When discussing liberalizing economies, we often think of two paths: the rip the band-aid off, shock-and-awe approach that some praise of Poland or the measured, step-by-step approach that some praise of China. The problem is that the world is not linear; everything naturally happens in exponents.
This is less relevant in the Poland example because change happens very quickly and then it's just adaptation to the change. But in China, we think economic liberalization can happen linearly. It can't. Exponent curves look linear when they begin, but once they hit the tipping point, you know you're not on a line anymore.
This year has been a crazy ride for the Chinese stock market. In it's gradualist liberalization, the Communist Party connected it to the Hong Kong exchange and loosened rules allowing investment. Money has poured into the market creating what very much looks like a bubble. In an attempt to cool the bubble, they approved a slate of IPOs, which they had been postponing, to suck up the extra funds. Then people got scared about the bubble and the market started tanking. Today they allowed pension funds to invest up to 30% of their assets in equities (gasp!) to prop the market back up.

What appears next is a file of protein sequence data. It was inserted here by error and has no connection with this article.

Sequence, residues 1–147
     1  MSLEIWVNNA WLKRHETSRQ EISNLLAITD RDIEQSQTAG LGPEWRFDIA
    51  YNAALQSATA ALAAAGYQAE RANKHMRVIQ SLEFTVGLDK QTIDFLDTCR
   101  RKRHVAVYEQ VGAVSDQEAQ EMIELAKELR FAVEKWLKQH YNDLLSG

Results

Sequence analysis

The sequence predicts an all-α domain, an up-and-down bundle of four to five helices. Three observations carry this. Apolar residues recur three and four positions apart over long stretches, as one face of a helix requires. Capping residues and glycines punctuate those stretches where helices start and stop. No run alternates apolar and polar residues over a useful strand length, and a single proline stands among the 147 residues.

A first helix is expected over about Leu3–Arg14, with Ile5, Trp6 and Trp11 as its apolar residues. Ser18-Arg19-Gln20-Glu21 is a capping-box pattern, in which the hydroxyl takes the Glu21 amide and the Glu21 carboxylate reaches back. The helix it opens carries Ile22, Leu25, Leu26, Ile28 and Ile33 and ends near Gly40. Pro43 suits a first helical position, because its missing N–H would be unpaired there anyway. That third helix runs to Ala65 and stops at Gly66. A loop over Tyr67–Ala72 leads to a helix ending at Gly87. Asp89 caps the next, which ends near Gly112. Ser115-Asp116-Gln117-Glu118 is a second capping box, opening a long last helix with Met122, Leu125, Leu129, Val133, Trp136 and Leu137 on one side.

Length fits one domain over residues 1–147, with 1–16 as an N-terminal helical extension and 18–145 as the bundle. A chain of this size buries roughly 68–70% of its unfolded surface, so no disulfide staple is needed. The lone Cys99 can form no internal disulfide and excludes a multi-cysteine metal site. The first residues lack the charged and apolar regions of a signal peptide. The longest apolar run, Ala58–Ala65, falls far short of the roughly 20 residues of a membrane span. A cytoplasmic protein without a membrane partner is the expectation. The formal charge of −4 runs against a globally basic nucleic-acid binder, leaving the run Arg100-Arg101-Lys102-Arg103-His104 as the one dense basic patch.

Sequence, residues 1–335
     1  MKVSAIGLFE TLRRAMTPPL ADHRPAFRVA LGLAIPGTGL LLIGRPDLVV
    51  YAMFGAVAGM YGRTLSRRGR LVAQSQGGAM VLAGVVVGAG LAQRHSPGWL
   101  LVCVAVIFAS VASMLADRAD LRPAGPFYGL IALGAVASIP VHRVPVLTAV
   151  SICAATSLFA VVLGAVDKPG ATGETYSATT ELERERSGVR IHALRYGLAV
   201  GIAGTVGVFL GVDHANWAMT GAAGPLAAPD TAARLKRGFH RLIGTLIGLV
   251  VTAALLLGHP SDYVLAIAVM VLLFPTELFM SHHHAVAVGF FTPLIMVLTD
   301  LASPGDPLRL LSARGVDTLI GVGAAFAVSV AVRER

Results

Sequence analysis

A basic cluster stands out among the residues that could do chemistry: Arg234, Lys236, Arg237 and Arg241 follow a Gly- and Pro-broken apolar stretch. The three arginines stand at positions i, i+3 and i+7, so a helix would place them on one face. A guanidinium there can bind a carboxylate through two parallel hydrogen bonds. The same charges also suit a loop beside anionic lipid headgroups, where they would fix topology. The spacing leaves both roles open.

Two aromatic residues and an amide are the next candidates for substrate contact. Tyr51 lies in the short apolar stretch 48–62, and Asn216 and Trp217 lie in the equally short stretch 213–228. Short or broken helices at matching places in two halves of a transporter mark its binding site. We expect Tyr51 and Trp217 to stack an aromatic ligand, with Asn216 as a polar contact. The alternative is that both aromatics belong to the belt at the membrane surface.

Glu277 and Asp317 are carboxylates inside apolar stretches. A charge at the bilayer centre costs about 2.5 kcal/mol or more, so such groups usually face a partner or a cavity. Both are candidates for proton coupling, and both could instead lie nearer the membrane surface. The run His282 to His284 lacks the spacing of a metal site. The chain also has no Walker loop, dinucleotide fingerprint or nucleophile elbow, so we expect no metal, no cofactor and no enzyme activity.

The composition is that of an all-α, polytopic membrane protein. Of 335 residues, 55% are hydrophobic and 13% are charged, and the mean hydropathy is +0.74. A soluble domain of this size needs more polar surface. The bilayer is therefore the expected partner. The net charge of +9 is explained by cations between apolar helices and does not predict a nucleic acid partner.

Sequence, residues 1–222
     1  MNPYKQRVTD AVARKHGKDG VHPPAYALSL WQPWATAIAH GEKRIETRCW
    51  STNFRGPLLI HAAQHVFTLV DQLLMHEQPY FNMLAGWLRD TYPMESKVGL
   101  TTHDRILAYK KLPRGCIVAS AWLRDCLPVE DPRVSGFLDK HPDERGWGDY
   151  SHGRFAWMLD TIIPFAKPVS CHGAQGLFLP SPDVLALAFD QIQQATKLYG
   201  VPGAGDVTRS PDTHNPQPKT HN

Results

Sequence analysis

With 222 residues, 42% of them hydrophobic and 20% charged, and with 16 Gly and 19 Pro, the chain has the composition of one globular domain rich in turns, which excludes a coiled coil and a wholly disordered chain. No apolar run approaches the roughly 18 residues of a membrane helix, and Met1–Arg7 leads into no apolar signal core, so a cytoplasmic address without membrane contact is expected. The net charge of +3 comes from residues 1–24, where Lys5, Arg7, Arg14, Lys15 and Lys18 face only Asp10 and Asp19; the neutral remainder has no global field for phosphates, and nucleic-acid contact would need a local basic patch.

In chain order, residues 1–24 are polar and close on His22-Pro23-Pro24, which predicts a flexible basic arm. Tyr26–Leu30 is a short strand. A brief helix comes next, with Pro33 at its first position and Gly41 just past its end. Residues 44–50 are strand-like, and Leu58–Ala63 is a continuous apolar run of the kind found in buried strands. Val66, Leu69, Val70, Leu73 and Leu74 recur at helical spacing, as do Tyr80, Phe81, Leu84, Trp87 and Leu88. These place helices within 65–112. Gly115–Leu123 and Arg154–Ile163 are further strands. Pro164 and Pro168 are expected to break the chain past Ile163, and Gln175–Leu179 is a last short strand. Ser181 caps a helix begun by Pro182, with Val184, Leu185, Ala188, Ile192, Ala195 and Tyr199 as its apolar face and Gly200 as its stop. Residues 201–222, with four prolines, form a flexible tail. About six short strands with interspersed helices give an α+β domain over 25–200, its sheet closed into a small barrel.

It's hit a tipping point and the Party in no longer in control. There are two options: 1) clamp down and restrict the economy, damaging investor confidence and dramatically slowing the growth China has relied on to prevent civil unrest, or 2) liberalize further to allow the market to sort out the problems and determine value itself.
"Shock-and-awe" vs. "step-by-step" are appropriate strategies in different situations. But the important thing to remember is that step-by-step is not a linear walk and will eventually become an avalanche.